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The New York Times Will Start Charging Readers for Some Newsletters

The New York Times has finally revealed the details of its top secret newsletter project that at one point involved Choire Sicha before he jumped ship for New York Magazine.

The main takeaway is that readers will now have to pay for some of them as a mix of around 15 new and existing news and opinion newsletters will be made available only to Times subscribers. Since they launched around two decades ago, they have been free.

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According to The Times’ own data, nearly 15 million users read a Times newsletter every week, and the portfolio has grown to 50 emails.

Alex Hardiman, chief product officer at The New York Times, said, “Now that The Times has passed 8 million subscriptions, our distinct and diverse newsletter portfolio represents the start of a larger investment in adding even more differential value to our subscriber experience.”

Authors will include Tressie McMillan Cottom, Jay Caspian Kang, Kara Swisher, Peter Coy, Jane Coaston, Tish Harrison Warren and John McWhorter. Among the new offerings, Swisher, who already hosts a podcast for The Times, will open her notebook for readers to follow along as she tracks the changing power dynamics in tech and media.

Kathleen Kingsbury, editor of The Times’ opinion section, added: “We’ve been tirelessly discerning in choosing these new writers to join our existing columnists, who are the leading voices in their coverage areas. Together, this group of talented and thoughtful journalists will offer our subscribers the deep analysis and fresh perspectives only available with The Times. And this is just the start.”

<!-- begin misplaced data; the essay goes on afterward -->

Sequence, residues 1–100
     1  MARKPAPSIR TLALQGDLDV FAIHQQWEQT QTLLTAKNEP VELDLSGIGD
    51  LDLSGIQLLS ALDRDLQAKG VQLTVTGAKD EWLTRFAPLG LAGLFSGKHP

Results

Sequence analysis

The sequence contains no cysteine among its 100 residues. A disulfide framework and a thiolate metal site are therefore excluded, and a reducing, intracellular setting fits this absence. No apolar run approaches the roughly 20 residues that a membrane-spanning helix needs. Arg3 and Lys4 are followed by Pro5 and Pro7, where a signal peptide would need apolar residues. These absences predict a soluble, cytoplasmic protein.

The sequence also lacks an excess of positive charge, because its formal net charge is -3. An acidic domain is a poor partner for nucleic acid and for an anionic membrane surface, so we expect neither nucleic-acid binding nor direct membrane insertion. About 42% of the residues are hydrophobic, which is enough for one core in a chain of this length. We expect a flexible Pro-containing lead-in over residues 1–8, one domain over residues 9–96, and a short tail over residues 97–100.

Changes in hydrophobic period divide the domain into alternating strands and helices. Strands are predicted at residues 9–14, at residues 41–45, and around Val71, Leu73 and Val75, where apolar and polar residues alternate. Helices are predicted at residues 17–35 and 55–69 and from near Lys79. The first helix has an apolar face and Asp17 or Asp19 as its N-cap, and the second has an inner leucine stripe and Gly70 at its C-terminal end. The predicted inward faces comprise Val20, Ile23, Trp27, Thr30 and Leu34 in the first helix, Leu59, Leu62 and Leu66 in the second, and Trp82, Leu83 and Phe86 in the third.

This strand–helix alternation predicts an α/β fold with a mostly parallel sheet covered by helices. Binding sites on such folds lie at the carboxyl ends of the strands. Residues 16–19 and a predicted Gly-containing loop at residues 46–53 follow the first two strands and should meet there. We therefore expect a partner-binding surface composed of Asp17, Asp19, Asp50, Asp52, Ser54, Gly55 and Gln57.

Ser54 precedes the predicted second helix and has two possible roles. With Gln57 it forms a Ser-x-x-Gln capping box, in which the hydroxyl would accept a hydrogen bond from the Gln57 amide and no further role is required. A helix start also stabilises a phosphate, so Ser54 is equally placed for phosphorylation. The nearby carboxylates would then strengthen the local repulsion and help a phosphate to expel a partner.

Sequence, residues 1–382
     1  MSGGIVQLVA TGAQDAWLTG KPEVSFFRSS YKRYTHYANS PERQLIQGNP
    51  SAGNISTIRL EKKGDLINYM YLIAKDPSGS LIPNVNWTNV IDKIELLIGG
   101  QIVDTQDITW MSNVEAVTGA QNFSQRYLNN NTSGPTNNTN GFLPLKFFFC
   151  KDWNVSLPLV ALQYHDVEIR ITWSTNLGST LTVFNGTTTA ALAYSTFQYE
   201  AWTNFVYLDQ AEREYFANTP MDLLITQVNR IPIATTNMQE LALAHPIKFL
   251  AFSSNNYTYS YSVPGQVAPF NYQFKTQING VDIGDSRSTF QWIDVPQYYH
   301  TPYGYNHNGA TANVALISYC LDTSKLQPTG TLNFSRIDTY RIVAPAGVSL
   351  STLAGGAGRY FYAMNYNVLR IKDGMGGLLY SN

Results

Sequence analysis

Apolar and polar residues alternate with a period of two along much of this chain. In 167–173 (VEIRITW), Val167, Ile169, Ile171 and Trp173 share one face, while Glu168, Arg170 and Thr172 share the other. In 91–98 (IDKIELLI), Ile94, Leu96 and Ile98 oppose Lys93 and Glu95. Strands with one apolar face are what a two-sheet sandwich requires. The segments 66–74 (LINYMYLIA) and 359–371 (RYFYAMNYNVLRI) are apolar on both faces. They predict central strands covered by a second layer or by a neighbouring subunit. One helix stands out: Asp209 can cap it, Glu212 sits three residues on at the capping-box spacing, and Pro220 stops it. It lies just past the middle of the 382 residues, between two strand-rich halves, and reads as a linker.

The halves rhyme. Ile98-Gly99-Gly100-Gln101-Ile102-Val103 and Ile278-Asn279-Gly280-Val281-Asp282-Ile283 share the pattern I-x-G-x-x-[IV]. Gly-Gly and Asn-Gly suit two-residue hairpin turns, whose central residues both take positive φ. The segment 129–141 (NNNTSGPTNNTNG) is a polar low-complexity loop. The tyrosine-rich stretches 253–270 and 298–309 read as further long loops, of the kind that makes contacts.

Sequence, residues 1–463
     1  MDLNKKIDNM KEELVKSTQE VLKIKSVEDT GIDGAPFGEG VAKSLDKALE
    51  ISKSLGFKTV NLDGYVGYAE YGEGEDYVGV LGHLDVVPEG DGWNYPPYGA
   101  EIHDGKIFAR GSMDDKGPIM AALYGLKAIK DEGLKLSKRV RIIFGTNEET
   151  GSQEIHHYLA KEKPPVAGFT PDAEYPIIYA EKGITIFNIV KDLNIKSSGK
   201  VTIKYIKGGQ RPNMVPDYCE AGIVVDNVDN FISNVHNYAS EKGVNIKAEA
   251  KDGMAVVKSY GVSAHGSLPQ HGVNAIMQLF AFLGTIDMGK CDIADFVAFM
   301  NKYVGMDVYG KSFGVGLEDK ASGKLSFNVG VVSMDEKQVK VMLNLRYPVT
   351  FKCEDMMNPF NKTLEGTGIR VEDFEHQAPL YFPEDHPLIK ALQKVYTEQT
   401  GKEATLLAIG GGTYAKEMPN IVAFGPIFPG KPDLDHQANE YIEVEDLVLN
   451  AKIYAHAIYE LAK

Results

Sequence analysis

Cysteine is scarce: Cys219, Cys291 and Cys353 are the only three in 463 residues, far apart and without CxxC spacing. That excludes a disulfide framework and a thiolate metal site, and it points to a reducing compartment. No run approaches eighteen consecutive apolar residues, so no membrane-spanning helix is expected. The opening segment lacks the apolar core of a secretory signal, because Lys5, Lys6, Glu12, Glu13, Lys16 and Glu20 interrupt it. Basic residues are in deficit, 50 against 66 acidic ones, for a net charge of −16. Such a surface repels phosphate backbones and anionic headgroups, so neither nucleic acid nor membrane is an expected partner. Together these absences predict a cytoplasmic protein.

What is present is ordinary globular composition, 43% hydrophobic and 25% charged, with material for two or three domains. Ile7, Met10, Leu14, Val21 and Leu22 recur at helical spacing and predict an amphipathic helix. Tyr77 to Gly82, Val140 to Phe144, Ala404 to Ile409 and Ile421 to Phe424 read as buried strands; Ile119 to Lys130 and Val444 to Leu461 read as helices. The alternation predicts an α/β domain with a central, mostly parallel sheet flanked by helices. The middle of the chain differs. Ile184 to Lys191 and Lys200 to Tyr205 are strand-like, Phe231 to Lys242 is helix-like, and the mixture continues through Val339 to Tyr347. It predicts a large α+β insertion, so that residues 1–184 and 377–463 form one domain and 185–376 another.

Newsletters including The Morning, DealBook and Breaking News Alerts will continue to remain free.

Like other media organizations, the Times is competing with the likes of Substack, a San Francisco-based newsletter technology platform that continues to add numerous high-profile writers to its roster, including The Verge’s Casey Newton, Vulture’s Hunter Harris, BuzzFeed’s Anne Helen Petersen and Rolling Stone’s Matt Taibbi.

For journalists, the main attraction is that Substack, which makes money through subscriptions as opposed to ads, allows reporters to generate income directly from their own audiences at a time when advertising is dwindling even further amid the pandemic. The newsletters are owned by the writers and in most cases Substack takes 10 percent of earnings, although some writers have been paid up-front fees.


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